Less than a year after her famous father died after being stung by a stingray, 8-year-old Bindi Irwin is carrying on Steve Irwin’s work to promote education about the animal world in a series of television documentaries like those that made “The Crocodile Hunter” a household name.
Bindi, who has her father’s eyes and wide smile, said she “feels” her father is with her as she leads a hectic schedule filming programs for Animal Planet and the Discovery Kids Channel.
“I’m having a great time. This is definitely what I want to be doing,” Bindi told TODAY’s Ann Curry during an exclusive interview Tuesday.
Bindi was scheduled to meet later Tuesday, World Environment Day, with U.N. Secretary General Ban Ki-moon. Next week, the Dalai Lama is scheduled to visit Bindi and her mother, Terri Irwin, at the Australia Zoo in Queensland, which Steve Irwin started. “It is very cool,” Bindi cooed.
Terri Irwin said she could not be pleased more that her daughter shares her father’s passion for animals, the planet and conservation and has honed the skills necessary to share that passion with television viewers around the world.
“Steve was so wonderful to bring wildlife into our living rooms and let us see that animals we used to be afraid of are so important ...,” said Terri Irwin. “I think Bindi’s picked up on so much of that growing up as a wildlife warrior and is now willing to stand up and make decisions about the messages she wants to get out. I’m very proud of her.”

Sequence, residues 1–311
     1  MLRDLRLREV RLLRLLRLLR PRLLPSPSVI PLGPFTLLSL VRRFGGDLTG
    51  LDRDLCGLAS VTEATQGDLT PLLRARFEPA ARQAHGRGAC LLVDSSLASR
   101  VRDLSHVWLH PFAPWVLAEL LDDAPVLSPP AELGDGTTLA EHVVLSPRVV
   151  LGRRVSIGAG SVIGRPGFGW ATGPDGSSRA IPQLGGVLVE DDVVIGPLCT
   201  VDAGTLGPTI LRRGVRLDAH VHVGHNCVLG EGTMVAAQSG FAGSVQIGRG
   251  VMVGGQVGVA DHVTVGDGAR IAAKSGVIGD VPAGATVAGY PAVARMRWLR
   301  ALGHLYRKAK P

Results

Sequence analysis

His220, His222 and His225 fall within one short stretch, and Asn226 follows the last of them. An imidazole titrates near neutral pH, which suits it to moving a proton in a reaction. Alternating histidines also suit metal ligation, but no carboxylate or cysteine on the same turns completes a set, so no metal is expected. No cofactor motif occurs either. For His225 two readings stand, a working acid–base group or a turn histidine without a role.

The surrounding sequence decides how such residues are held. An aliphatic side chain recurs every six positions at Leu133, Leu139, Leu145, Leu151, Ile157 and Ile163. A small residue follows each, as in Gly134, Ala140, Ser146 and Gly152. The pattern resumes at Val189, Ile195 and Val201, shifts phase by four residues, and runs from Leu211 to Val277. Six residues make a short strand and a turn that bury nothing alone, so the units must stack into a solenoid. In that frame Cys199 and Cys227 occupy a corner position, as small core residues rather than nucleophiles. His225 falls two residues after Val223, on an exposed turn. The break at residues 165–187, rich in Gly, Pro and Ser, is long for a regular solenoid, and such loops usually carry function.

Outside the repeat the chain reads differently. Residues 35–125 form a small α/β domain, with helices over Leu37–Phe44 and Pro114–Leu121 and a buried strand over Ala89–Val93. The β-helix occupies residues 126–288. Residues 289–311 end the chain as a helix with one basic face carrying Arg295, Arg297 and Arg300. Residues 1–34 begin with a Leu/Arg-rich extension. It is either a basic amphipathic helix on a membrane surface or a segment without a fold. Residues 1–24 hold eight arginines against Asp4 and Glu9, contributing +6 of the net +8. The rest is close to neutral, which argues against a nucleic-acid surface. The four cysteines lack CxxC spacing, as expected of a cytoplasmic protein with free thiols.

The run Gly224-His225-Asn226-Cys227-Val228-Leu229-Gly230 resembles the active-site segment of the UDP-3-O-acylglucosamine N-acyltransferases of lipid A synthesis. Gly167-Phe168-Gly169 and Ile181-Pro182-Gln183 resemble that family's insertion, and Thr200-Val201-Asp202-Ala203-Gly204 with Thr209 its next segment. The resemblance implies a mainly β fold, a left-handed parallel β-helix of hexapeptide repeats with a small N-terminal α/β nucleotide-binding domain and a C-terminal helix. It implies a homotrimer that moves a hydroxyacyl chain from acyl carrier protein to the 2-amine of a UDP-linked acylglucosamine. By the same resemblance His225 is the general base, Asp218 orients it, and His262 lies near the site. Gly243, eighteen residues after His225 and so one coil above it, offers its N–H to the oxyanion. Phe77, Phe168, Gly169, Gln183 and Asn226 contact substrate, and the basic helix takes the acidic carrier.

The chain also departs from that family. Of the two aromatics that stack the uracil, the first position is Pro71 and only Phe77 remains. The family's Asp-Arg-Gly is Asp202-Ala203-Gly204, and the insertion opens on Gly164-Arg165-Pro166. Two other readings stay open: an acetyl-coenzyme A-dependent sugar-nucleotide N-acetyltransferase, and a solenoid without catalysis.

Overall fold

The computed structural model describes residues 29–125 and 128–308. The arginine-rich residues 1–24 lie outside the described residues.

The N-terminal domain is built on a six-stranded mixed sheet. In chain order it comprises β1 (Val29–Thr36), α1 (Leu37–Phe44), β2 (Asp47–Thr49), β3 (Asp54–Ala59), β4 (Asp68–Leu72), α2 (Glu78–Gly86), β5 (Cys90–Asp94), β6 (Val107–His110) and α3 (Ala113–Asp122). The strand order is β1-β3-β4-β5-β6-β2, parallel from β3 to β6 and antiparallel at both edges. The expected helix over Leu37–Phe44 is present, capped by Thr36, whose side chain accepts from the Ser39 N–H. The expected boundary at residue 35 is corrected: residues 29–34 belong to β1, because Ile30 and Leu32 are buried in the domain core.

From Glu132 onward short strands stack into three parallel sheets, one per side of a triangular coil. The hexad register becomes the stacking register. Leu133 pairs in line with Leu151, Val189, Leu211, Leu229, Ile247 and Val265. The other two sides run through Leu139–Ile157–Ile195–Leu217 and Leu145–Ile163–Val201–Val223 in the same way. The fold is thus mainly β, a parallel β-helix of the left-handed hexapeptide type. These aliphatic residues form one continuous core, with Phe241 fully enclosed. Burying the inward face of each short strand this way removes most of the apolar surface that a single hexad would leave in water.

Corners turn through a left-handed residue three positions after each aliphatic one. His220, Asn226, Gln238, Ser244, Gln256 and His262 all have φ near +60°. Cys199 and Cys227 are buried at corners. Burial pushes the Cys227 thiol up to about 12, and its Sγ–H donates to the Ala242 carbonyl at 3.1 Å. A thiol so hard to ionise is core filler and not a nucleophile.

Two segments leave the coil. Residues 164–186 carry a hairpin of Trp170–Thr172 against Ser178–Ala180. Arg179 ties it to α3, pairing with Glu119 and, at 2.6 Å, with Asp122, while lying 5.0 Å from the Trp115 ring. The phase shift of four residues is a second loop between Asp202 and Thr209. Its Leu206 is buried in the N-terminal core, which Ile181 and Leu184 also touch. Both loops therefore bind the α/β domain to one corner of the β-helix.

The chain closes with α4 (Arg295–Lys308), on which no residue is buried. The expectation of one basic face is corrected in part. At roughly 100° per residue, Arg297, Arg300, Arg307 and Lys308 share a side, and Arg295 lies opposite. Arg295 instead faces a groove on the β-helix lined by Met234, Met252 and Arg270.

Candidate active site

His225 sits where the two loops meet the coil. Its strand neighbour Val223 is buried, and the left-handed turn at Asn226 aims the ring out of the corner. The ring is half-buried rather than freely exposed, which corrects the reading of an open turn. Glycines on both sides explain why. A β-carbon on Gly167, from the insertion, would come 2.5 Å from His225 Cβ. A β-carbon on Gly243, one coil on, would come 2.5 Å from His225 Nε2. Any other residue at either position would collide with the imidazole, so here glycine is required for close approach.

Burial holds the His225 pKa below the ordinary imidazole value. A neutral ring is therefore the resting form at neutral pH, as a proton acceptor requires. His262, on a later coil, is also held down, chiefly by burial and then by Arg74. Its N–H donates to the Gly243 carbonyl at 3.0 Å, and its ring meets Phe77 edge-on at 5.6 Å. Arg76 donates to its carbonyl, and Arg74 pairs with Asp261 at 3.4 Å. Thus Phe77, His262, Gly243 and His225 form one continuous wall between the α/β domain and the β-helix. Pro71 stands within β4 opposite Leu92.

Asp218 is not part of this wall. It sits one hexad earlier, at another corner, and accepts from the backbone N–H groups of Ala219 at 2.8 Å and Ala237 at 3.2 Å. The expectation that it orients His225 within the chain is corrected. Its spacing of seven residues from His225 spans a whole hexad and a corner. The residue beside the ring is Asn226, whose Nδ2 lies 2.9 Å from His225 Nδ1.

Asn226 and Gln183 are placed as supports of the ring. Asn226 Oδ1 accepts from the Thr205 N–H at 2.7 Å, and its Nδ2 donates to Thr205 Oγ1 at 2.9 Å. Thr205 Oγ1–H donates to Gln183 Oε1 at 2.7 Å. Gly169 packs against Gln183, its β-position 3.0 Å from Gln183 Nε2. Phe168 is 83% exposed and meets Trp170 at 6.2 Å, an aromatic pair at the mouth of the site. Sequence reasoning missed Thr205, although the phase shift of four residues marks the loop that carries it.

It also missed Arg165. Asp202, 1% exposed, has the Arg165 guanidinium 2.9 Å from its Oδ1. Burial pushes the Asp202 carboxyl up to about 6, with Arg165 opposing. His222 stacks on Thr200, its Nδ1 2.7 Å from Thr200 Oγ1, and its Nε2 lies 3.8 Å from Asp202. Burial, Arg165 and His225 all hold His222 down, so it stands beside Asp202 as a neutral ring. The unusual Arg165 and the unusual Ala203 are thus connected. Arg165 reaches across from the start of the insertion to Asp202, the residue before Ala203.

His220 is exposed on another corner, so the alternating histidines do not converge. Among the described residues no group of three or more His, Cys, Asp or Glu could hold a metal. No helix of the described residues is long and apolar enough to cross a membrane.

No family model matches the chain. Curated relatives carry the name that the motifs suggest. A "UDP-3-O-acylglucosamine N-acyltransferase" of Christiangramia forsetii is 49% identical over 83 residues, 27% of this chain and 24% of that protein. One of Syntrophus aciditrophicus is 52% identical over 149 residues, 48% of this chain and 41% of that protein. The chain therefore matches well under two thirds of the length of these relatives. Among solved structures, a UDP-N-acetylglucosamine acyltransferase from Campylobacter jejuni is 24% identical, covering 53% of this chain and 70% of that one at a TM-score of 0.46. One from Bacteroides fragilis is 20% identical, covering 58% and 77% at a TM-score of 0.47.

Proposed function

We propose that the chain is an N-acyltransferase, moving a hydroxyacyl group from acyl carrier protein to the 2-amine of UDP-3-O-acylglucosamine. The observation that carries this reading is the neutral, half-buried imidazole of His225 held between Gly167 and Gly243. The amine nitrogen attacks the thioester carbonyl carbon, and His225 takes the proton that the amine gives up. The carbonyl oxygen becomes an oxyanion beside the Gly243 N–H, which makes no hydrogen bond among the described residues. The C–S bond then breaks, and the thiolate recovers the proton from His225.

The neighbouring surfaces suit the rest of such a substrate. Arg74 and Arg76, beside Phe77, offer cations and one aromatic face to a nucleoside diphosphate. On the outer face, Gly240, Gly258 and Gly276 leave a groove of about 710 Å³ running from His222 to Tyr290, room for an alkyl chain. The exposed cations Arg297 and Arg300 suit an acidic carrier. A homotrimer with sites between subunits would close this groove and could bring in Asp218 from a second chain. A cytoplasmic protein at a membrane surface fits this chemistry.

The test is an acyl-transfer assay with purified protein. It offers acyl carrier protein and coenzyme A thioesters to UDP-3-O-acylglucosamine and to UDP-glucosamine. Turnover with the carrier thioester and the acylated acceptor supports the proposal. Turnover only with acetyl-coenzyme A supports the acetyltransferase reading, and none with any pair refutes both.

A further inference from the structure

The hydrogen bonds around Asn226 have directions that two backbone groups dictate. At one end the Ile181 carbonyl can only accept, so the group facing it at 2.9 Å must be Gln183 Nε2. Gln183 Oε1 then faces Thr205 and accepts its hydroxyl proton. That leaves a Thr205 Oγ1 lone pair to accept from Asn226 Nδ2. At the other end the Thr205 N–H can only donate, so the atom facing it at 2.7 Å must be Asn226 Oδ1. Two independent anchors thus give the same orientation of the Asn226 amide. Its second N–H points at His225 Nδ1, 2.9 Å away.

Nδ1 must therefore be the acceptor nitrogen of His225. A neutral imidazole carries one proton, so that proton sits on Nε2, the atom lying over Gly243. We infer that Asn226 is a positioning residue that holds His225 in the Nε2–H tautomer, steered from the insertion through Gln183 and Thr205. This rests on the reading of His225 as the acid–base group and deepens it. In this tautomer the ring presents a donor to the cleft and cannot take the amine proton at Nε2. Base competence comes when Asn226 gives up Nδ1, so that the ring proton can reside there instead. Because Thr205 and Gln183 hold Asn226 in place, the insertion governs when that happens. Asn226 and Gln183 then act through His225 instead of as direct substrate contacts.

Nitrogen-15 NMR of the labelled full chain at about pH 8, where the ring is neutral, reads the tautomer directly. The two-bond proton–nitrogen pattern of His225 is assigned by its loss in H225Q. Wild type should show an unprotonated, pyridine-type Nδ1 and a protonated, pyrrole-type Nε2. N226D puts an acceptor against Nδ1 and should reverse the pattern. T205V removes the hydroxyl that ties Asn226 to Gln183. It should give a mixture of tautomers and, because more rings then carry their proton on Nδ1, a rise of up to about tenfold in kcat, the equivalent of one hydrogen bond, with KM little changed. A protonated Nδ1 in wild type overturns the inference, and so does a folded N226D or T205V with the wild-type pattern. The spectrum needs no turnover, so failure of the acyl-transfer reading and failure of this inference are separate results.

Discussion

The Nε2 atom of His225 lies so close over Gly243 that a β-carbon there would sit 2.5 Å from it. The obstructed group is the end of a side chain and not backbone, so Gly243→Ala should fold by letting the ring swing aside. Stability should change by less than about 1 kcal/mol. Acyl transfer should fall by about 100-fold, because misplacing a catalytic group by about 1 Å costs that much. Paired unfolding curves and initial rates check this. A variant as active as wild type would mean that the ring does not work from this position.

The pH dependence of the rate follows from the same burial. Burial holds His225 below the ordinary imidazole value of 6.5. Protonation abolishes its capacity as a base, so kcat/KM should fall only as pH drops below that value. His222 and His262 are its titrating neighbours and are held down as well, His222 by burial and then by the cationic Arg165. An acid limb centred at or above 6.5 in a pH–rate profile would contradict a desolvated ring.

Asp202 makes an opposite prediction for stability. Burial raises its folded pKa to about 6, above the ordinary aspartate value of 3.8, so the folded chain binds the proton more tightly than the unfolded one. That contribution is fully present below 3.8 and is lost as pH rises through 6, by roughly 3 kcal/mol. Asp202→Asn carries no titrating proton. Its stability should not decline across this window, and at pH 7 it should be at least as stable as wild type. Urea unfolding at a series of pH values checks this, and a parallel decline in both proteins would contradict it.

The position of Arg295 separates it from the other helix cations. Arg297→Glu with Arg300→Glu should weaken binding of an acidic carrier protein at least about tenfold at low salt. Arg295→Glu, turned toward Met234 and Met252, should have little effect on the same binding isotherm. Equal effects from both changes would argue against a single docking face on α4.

To help get her messages out about wildlife conservation, on Saturday the Discovery Kids Channel will begin airing episodes of “Bindi: The Jungle Girl.” Steve Irwin and Bindi began filming the program in early 2006 to help more children become interested in the issue. Steve Irwin appears in some of the early episodes.
And on Friday, Animal Planet presents “My Daddy the Croc Hunter,” in which Bindi, with help from Terri Irwin, relates her personal experiences growing up as the daughter of Steve Irwin.
The special, which Bindi hosts, includes footage captured on Steve Irwin’s last crocodile research excursion in August 2006. It was eleven months later that Steve Irwin was stung in the heart when he apparently accidentally startled a stingray while diving off the coast of his native Australia.
‘Just like us’
For Bindi, filming documentaries is not just fun and games. Extremely articulate for her tender young age, Bindi does not hesitate when asked what she wants to come of her work.
“I just really want to help the animals. They are just like us. They are no different,” she said. “They have different personalities and different outside covers, but still they have the same heart, they have ears, they eyes and they have noses. We shouldn’t be hurting them ... The skins should actually be on the tiger, or like the elephant or something like that. They shouldn’t be bags or belts.”